Political Animal

Quick Takes: Senate GOP Resistance to BCRA Grows

* Nicole LaFond reports that, since McConnell delayed the vote on BCRA (his Obamacare repeal bill), Jerry Moran (R-KS), Rob Portman (R-OH) and Shelly Capito (R-WV) have joined Susan Collins (R-ME) and Dean Heller (R-NV) as moderates who are prepared to vote against the bill.

* Trump summoned GOP Senators to the White House today to talk over their healthcare bill. Who knows what they’re saying behind closed doors. But this is one of those pictures that’s worth 1000 words.

* As we await what the Senate Republicans will do on health care, I thought a couple of pieces of twitter wisdom were worth sharing.

* This story from David Fahrenthold is not major news. But it sure does speak to the lengths to which Donald Trump will go to lie in order to prop up his ego. This is NOT normal!

* Mark Joseph Stern isn’t holding back on what he thinks about the latest addition to the Supreme Court.

On Monday, Justice Neil Gorsuch revealed himself to be everything that liberals had most feared: pro-gun, pro–travel ban, anti-gay, anti–church/state separation. He is certainly more conservative than Justice Samuel Alito and possibly to the right of Justice Clarence Thomas. He is an uncompromising reactionary and an unmitigated disaster for the progressive constitutional project. And he will likely serve on the court for at least three more decades.

On the other end of the spectrum, Scott Lemieux writes that Sotomayor is one of Obama’s best legacies.

* Pew Research finds that, “U.S. Image Suffers as Publics Around World Question Trump’s Leadership.”

Although he has only been in office a few months, Donald Trump’s presidency has had a major impact on how the world sees the United States. Trump and many of his key policies are broadly unpopular around the globe, and ratings for the U.S. have declined steeply in many nations. According to a new Pew Research Center survey spanning 37 nations, a median of just 22% has confidence in Trump to do the right thing when it comes to international affairs. This stands in contrast to the final years of Barack Obama’s presidency, when a median of 64% expressed confidence in Trump’s predecessor to direct America’s role in the world.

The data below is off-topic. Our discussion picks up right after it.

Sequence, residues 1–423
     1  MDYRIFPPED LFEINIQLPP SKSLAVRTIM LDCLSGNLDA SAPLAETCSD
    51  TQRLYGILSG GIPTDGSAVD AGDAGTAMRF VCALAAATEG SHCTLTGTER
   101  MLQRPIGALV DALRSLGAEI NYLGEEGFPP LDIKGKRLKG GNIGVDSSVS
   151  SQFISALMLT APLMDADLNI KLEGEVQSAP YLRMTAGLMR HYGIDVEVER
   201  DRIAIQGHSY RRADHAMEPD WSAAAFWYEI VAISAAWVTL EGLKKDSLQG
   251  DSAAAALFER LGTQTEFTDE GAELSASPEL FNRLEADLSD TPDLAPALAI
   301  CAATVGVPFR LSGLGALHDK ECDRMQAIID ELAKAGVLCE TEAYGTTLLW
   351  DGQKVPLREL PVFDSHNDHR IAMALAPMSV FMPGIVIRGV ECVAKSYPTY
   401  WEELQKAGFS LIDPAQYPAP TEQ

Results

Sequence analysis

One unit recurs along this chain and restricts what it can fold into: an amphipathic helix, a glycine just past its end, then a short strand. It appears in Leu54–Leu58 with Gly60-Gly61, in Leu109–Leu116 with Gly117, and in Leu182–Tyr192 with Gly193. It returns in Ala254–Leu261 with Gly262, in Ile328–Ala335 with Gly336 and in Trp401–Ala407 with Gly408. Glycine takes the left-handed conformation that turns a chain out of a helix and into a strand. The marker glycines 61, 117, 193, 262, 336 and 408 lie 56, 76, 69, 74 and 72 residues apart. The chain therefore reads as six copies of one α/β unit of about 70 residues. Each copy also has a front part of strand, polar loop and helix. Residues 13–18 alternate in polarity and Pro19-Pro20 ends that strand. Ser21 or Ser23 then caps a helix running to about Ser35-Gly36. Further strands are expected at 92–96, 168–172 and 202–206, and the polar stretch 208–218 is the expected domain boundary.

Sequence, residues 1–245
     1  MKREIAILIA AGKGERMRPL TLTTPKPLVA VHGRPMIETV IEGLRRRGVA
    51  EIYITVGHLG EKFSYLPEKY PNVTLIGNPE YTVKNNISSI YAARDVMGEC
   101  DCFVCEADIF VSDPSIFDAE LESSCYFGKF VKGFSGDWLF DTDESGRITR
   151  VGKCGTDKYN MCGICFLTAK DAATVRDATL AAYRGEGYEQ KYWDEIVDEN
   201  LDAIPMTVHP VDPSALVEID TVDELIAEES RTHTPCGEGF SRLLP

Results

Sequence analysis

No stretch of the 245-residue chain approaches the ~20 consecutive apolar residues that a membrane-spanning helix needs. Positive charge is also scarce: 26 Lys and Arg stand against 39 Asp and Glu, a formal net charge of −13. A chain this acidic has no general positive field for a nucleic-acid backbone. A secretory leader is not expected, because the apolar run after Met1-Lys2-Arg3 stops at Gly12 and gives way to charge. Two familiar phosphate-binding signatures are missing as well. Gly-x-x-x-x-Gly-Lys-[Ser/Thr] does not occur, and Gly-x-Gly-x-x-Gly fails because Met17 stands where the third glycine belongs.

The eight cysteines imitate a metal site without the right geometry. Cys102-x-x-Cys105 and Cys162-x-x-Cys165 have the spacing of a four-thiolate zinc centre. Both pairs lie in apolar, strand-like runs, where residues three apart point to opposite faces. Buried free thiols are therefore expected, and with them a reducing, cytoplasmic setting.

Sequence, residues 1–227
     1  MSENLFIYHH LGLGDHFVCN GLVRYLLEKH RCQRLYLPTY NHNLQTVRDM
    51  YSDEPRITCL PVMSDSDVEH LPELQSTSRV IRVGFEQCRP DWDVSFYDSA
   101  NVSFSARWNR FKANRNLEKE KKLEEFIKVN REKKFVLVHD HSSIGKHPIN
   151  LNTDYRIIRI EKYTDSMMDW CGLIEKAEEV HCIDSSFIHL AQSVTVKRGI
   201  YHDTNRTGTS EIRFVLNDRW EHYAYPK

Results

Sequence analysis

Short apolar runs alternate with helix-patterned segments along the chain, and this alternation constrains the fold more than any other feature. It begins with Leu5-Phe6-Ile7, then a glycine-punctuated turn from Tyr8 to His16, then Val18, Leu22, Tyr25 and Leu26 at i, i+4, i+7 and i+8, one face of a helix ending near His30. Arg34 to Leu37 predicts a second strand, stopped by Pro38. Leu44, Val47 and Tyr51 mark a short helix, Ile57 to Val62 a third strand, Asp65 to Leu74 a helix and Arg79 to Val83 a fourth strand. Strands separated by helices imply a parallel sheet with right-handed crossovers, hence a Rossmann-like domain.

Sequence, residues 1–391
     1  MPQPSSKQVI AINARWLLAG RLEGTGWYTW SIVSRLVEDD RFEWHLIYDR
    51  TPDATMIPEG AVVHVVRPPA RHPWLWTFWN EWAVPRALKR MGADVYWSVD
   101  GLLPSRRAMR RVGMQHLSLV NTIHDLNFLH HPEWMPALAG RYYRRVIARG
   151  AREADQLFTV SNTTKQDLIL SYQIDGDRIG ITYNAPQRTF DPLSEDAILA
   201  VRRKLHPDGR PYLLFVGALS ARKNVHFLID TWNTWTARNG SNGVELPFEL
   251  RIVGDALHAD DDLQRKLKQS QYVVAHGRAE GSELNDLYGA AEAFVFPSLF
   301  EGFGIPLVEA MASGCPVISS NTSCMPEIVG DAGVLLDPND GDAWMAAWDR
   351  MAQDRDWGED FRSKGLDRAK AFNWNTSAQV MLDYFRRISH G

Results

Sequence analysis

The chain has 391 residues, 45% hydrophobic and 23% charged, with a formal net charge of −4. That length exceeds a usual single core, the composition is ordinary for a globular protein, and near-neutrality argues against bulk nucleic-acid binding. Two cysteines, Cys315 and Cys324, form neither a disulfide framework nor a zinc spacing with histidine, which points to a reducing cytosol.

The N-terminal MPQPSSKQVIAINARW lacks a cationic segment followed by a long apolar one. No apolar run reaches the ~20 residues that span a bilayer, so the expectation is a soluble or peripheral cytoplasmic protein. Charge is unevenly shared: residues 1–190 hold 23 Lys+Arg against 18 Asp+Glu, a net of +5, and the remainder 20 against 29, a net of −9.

* Finally, in case you don’t already know, I’m a huge fan of Jason Mraz. This is one of those songs where it helps to get comfortable, close your eyes and soak it all in.

It’s Painful to Watch Jonah Goldberg Try to Talk Sense on Health Care

It’s fascinating to see how Republicans talk to each other about health care. Over at the National Review, Jonah Goldberg tip-toes towards political reality, but always by jingling enough right-wing lunacy around to try to scare off the bears.

Here’s how he tries to inoculate himself against what he knows will be a fiery pushback from his conservative audience:

I’m just thinking out loud here. But it seems to me this is one of those moments in American politics where no one can simply say what they really think or want.

So, whatever the distinctions between rhetoric and reality might be on the right, it’s really no different from what the Democrats are doing, too. And what are the Democrats doing?